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Old battery pileups pose risks to the environment and health.

Old battery pileups pose risks to the environment and health.

Old battery pileups pose health, environment risks

Fares Akram

GAZA CITY, GAZA STRIP (AP) – Virtually every household in the Gaza Strip relies on batteries to keep their home running – a result of years of chronic power outages.

These batteries have helped to mitigate one crisis. They are also causing another crisis as large quantities of old and used batteries accumulate in an area that lacks the ability to safely dispose them.

“There is a real danger that these batteries are collected and stored randomly in the open air; not in warehouses,” Gaza’s Environment Authority official Mohammed Musleh.

The most pressing threat, he said, is that “the batteries break and ooze liquid that includes sulphuric acid and leaks into the soil and then the water aquifer”.

Gaza’s Environment Authority estimates that there are 25,000 tonnes of old batteries piled up at several locations across the tiny and overcrowded coastal territory. There are no recycling facilities in Gaza. The punishing blockade by Israel or Egypt prevents the safe shipping of the batteries abroad.

The United States Environmental Protection Agency states that used batteries pose a risk to the environment as well as public health. While different types of batteries may contain potentially hazardous metals such as lead, mercury, and cadmium; some can catch on fire.

These risks are especially acute for Gaza, where the healthcare infrastructure has been destroyed by years of conflict and lack funds and where the environment already is in dire straits.

Nearly all of Gaza’s water is undrinkable due to high saline levels caused by overextraction.

A Palestinian worker searches for batteries and other electrical waste in a warehouse in Jebaliya (Gaza Strip). PHOTO: AP

Israel bombed Gaza’s sole power plant during a round of fighting in 2006 and imposed the blockade with Egypt the following year after the Hamas militant group seized power in the strip from rival Palestinian forces. The result was a daily blackout lasting at least eight hours. This was punctuated by longer outages that can last days during winter storms and conflicts.

This has turned batteries into an integral part of day-to-day life for the territory’s two million residents.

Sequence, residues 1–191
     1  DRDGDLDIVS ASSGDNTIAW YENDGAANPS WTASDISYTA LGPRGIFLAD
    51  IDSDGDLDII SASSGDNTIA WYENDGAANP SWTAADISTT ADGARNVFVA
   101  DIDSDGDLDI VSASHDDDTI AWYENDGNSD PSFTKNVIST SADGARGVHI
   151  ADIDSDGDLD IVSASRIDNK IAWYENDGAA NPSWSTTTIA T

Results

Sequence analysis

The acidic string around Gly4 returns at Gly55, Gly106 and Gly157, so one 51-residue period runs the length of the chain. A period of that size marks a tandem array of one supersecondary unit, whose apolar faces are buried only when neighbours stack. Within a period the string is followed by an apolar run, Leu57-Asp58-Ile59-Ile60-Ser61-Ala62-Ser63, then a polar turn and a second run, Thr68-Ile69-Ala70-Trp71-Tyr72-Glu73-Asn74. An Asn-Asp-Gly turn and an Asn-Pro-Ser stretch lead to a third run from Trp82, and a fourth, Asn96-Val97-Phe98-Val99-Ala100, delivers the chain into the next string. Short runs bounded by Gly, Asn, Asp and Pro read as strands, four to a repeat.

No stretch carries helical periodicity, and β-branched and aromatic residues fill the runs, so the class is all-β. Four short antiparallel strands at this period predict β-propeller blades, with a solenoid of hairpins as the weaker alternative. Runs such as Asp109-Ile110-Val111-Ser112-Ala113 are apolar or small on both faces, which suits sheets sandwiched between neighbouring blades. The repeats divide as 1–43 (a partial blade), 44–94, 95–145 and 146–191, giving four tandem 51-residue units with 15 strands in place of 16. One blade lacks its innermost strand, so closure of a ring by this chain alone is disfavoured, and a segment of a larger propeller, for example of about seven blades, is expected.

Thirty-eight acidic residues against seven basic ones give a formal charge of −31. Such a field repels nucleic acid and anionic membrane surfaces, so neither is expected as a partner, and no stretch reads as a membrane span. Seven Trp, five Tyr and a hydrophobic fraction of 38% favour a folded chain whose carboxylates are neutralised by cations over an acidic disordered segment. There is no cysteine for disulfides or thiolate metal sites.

A hazardous waste unit is located in Gaza City and is designed to dispose of old batteries safely. Ahmed Abu Abdu, the head of the hazardous waste unit, said that very few batteries reach him. Instead, a small private business has emerged.

Every day, donkey-drawn carts or cars carrying collectors roam Gaza calling out to people who want to sell their old batteries. Old batteries can fetch as much as USD2 per piece depending on their size.

Khaled Ayyad, one of many merchants who buy the batteries, is one of many. He has been collecting the batteries for eight years and storing them in a warehouse in northern Gaza.

Ayyad has only one goal: to export the battery and make a decent profit.

“As the Israeli side allows them (batteries) into Gaza, it has to let them go out,” he said. “We can sell them to factories in Israel, European countries and all over the world.”

However, exporting batteries is still prohibited and Ayyad now faces a new dilemma: He has approximately 500 tonnes of batteries stored in his warehouse.

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He can’t resell, export or dump them, and he has been paying storage fees. So, he has a message to Hamas: “We call on the officials in Gaza to speak to the Egyptian side to let us export them there.”

There is a precedent. Through a crossing at Rafah, Egypt and Hamas have increased trade cooperation in recent times. This crossing is used to transport goods into Gaza, such as fuel, construction materials and tobacco products. It can also be used to ship scrap metal to Egypt.

While Ayyad’s warehouse has a concrete floor, most other storage locations are outdoors, risking spills of hazardous materials straight into the soil.

There have been no studies conducted on the threat to the environment, but research carried out in 2013 by a Gaza neurologist and an environmental science expert warned that children of people dealing with discarded batteries have “different degrees” of poisoning from exposure to lead.

In an effort to reduce the danger, Hamas authorities banned the import of secondhand battery since 2017.

The Gaza-based al-Mezan Center for Human Rights, which in 2018 issued a report warning of the threat of batteries, said the danger is “far-reaching”.

“There is a problem,” said Hussein Hammad of the rights group. “Here, the batteries have started to affect human rights: the right to health, the right to clean environment and the right to life.”

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